Parents Who Were Never Married
Parents Who Were Never Married
Parents who are have never married must file what is called a Paternity case. When I tell my new clients this, they almost always say, “But paternity is not an issue, we know he’s the father.” Nonetheless, that is the name they give to cases where the parents were never married. Paternity cases and Divorce cases are different. Paternity cases cannot deal with property or debt of the parties but only deal with the children. If the parents have lived together for a long time and accumulated property together, it is often difficult to divide that property since there is no law that tells us how to do that. I have been successful in most cases in convincing the parties to come up with a fair division of the property that they have accumulated together. Otherwise, they are forced to file a regular civil lawsuit separate from the Paternity action which can be expensive and complicated.
In both Divorce cases and Paternity cases, the court will enter orders about custody, guided by the same law discussed on this site under Children and Custody. One important thing for you to know is that until there is a paternity order that officially declares who the father is and spells out his parenting time, he has no enforceable rights to have time with his child. If the parties are married, they have equal rights to the child and one parent can’t play “keep-away” with the other parent (click here for more about high conflict cases.) That is not the case when the parents have never been married. Our criminal law states that the mother is presumed to be the custodian until there is a specific court order declaring who the father is and spelling out his rights to time with the child. A father can actually be arrested if he refuses to turn the child over to the mother. That’s why it is very important to establish paternity early on in the life of the child, even if the parties are getting along. In fact, establishing paternity while both parties are getting along can make the process fairly easy and inexpensive.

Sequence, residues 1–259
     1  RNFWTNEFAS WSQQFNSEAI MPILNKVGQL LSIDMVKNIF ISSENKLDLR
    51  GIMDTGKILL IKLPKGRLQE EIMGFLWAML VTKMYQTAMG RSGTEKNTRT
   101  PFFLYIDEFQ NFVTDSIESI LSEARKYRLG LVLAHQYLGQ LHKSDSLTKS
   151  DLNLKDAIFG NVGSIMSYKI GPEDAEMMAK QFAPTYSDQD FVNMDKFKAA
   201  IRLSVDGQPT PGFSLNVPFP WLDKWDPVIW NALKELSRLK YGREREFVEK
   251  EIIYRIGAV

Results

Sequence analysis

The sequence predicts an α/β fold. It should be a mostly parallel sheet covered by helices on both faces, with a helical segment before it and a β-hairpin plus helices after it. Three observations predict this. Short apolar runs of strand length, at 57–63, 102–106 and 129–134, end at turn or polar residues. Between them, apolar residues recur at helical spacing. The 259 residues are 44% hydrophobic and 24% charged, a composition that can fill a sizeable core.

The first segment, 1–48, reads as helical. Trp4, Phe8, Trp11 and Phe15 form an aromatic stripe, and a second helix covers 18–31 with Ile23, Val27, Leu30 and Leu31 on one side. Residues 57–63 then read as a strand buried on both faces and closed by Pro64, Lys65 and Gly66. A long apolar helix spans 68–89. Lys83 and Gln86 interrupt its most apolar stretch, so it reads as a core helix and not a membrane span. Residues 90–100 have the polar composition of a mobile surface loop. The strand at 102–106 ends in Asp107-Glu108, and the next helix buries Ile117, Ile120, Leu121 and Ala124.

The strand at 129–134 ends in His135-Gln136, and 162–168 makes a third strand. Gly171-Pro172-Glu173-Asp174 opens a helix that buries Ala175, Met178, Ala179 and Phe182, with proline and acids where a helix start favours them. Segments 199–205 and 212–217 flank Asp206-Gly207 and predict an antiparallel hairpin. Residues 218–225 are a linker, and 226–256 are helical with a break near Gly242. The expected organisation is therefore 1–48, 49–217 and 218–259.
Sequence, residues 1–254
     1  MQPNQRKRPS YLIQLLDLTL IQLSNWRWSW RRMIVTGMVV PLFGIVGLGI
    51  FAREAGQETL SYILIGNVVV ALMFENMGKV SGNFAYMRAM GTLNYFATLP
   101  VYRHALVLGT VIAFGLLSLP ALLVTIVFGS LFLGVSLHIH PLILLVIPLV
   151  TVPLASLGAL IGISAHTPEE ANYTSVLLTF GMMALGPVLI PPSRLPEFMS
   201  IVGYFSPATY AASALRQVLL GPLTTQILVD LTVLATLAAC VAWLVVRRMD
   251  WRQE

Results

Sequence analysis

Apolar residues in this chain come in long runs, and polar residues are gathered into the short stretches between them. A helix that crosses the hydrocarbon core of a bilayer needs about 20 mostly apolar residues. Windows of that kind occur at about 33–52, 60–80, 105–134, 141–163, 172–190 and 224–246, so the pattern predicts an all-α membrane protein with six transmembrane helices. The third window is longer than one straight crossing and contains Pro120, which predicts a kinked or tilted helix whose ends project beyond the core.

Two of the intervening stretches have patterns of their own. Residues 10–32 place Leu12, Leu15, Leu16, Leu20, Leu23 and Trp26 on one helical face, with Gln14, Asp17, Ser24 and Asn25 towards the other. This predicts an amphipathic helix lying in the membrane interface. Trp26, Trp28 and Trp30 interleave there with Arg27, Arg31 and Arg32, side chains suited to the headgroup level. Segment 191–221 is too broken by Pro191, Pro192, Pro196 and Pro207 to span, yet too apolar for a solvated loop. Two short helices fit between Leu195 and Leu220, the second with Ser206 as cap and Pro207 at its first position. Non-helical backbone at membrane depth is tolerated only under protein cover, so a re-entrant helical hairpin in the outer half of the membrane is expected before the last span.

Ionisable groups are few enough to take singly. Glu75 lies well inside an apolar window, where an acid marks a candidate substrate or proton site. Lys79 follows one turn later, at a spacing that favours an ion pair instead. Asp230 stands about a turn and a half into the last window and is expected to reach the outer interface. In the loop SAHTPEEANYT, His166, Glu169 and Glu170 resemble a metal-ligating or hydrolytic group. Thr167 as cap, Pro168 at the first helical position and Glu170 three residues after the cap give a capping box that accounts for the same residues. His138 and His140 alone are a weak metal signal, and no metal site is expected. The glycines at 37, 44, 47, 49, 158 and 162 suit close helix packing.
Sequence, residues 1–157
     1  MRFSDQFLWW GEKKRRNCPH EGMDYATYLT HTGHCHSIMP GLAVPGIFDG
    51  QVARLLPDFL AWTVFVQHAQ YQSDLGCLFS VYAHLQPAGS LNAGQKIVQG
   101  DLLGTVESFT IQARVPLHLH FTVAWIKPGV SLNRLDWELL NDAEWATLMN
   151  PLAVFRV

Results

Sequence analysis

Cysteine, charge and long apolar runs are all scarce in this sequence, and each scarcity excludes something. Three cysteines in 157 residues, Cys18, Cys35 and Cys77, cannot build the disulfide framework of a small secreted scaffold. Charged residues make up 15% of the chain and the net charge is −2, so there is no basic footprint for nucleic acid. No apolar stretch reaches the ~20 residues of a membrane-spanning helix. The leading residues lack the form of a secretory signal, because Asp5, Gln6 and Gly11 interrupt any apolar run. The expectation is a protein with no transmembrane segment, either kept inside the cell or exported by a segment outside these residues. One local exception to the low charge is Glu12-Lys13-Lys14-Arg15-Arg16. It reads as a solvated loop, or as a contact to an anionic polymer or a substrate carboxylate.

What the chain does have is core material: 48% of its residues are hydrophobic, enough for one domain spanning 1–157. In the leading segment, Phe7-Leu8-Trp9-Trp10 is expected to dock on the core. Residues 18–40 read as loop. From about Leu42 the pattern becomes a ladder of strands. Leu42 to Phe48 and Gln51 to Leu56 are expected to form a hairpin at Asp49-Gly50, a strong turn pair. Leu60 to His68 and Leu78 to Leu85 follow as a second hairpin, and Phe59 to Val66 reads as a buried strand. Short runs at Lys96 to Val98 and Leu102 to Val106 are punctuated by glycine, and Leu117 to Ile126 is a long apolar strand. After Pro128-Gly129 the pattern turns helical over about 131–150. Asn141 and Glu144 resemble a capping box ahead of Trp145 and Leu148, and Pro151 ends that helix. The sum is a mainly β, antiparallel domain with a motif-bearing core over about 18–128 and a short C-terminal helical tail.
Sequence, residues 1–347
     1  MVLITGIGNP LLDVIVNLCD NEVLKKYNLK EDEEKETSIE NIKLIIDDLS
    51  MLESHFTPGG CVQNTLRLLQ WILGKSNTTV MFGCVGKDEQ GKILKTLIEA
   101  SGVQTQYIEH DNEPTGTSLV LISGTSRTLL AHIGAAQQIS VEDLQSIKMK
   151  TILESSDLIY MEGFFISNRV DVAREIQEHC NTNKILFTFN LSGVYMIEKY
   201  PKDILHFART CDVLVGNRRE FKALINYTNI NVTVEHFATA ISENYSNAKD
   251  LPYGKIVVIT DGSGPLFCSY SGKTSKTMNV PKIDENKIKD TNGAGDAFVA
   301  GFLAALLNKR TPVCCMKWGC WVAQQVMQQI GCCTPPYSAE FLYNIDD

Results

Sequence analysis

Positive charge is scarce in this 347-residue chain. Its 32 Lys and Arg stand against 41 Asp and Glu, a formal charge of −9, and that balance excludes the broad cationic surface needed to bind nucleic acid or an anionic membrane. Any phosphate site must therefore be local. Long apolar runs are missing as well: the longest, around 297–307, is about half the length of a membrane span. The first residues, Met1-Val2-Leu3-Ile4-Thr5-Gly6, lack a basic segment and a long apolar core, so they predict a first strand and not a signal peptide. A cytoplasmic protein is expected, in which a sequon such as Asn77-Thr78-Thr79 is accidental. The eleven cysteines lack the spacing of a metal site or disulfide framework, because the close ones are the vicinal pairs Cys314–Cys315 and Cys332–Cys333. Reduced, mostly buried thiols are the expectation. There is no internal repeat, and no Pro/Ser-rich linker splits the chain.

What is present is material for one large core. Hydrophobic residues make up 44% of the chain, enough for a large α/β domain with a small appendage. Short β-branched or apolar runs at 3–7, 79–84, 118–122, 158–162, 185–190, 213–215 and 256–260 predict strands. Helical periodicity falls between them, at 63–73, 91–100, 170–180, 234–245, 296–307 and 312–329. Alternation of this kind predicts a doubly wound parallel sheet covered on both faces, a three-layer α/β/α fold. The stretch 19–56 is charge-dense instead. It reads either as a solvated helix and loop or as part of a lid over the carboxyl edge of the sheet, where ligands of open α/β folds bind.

The law takes a different approach to child support in Paternity cases. The court is required to order child support going back in time to three years prior to the filing of the Paternity action. The court will give credit if the father can prove that he’s been voluntarily and consistently paying child support. The court will also give him credit for expenses he has paid on behalf of the child such as for food, clothing and medical bills. Most parents work informally, sometimes for years, before they go to court. Rarely do fathers save their receipts and have sufficient proof of what they have paid. That is another reason why it is very important to get into court to establish paternity, custody, and child support as soon as possible – or at least to be sure you keep track of all the payments you have made if you are the father. It can be very tough on your finances if the court issues an order for three years of back child support, which can easily be in the tens of thousands of dollars.